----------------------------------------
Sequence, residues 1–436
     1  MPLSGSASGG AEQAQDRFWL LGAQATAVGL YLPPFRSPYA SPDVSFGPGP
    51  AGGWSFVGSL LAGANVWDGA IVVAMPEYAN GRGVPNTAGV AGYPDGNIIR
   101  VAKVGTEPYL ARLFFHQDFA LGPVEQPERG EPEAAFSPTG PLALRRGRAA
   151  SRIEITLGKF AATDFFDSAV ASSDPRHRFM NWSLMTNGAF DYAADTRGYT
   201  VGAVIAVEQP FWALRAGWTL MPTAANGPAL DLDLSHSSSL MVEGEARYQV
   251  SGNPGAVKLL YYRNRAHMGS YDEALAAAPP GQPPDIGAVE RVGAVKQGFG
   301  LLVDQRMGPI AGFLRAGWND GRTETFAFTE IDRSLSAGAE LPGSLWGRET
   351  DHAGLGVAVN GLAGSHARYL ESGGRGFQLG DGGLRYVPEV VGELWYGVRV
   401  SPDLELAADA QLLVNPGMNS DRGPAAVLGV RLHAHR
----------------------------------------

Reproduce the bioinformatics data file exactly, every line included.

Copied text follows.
Sequence, residues 1–436
     1  MPLSGSASGG AEQAQDRFWL LGAQATAVGL YLPPFRSPYA SPDVSFGPGP
    51  AGGWSFVGSL LAGANVWDGA IVVAMPEYAN GRGVPNTAGV AGYPDGNIIR
   101  VAKVGTEPYL ARLFFHQDFA LGPVEQPERG EPEAAFSPTG PLALRRGRAA
   151  SRIEITLGKF AATDFFDSAV ASSDPRHRFM NWSLMTNGAF DYAADTRGYT
   201  VGAVIAVEQP FWALRAGWTL MPTAANGPAL DLDLSHSSSL MVEGEARYQV
   251  SGNPGAVKLL YYRNRAHMGS YDEALAAAPP GQPPDIGAVE RVGAVKQGFG
   301  LLVDQRMGPI AGFLRAGWND GRTETFAFTE IDRSLSAGAE LPGSLWGRET
   351  DHAGLGVAVN GLAGSHARYL ESGGRGFQLG DGGLRYVPEV VGELWYGVRV
   401  SPDLELAADA QLLVNPGMNS DRGPAAVLGV RLHAHR